Honey in Coffee? Really?

You’re walking away from the counter at Starbucks, after the barista has given you your usual Grande Caffe Americano with an extra shot of espresso.

As you take a step toward the door, you hear a woman ask for “a tall coffee with no cream and two honeys, please.”

“Speaking Starbucks” is always a challenge, so you hang around by the display of coffee beans for a minute, to figure out what you’ve misunderstood. But sure enough, the barista adds honey to the woman’s black coffee.

Now, everyone loves honey and coffee is America’s preferred hot drink.

But honey and coffee – together?

Believe it or not, substituting honey for sugar when drinking coffee is something of a fad these days. As with all fads, some people follow suit simply because it is a fad. There’s a method to the madness, though, for people trying to cut processed table sugar out of their diet but can’t stand to drink their coffee black. Honey is undoubtedly better for the body than white sugar, so they use it as a healthy alternative.

But is there enough of a health benefit to justify the odd flavor combination of honey and coffee?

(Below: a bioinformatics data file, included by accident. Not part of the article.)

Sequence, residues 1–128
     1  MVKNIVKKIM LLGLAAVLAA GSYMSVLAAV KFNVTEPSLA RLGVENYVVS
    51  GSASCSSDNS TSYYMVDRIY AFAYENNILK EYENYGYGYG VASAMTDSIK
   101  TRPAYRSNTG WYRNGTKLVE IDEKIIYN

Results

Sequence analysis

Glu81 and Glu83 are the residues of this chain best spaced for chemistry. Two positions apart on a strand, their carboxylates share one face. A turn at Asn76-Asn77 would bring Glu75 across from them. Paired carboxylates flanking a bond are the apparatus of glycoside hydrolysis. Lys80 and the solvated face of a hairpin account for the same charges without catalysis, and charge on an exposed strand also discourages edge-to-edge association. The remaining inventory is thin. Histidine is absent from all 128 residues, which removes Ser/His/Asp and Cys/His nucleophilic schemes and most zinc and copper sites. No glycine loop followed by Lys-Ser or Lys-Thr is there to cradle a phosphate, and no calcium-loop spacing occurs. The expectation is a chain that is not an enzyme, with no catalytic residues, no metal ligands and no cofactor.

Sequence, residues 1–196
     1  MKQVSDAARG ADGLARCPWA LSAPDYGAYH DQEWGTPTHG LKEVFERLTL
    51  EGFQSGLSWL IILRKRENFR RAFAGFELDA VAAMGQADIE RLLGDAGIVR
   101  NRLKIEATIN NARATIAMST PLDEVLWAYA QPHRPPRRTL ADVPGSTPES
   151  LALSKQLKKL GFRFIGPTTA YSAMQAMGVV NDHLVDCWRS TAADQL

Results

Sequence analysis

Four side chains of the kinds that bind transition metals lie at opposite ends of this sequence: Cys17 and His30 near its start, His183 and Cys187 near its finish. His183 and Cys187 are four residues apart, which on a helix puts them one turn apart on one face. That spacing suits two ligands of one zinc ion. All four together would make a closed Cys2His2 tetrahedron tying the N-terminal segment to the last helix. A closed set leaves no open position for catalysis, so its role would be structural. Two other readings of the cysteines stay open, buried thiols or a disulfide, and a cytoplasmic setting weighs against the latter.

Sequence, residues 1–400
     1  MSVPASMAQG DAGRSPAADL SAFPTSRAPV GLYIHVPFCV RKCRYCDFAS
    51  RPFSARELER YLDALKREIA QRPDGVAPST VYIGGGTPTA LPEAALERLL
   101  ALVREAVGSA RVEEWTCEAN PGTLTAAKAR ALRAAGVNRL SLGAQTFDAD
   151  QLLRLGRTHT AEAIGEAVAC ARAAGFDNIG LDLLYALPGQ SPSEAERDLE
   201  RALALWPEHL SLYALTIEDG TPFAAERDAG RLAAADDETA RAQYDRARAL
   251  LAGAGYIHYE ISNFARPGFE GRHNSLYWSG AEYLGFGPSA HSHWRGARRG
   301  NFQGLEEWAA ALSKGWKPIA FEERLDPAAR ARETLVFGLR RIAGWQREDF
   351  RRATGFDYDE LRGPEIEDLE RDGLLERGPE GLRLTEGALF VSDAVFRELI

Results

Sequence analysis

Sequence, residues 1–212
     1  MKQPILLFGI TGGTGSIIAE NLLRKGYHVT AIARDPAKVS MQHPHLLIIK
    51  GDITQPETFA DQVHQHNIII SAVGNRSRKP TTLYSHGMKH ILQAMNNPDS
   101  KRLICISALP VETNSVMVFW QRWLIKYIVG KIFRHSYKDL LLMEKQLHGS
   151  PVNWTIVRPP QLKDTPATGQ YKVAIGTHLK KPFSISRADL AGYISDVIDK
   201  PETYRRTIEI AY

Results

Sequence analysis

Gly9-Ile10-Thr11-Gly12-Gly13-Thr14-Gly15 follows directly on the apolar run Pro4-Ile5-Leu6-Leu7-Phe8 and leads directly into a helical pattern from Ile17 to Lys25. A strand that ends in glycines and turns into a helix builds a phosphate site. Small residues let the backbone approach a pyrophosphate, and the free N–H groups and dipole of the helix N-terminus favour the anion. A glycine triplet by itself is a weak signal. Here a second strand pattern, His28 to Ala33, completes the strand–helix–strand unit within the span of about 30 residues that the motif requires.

Let’s find out.

The Honey/Sugar Scorecard

For now, let’s put aside the issue of taste, and figure out if there’s enough scientific justification to mix the strong taste of coffee with the equally strong flavor of honey.

We’ll do it with a good old-fashioned scorecard, comparing the attributes of honey with those of the sugar it’s replacing.

Calories

Speaking of old-fashioned, let’s first look at the traditional way to judge whether foods are “good for you.”

A teaspoon of white sugar contains 16 calories, while a teaspoon of ordinary honey contains 23.
But since honey is much sweeter than sugar, you don’t need a full teaspoon to equal the sweetening power of a teaspoon of sugar. Half-a-teaspoon of honey is more than enough – meaning we’re really comparing 16 calories for the sugar with 11.5 calories for the amount of honey that has the same sweet effect on your coffee.

Winner: Honey

Glycemic Index

Carbohydrates with lower glycemic indexes are better for you than those with higher GIs. That’s because they’re less likely to cause blood sugar to rise significantly as the body converts the carbs to glucose and/or fructose. In other words, foods with a lower glycemic index reduce the risk of heart disease and diabetes. They also help prevent overeating because they make you feel full.

White (or brown) sugar has a glycemic index of 65. The GI of honey varies between 45 and 53, depending on the variety of honey.

Winner: Honey

Composition

This one gets a bit more complicated. Sugar is made up of “complex” sugars known as disaccharides, or sucrose. The body must break them down into glucose and fructose before each can be turned into energy. Honey is composed of simple glucose and fructose, so each can be burned by the body for energy almost immediately.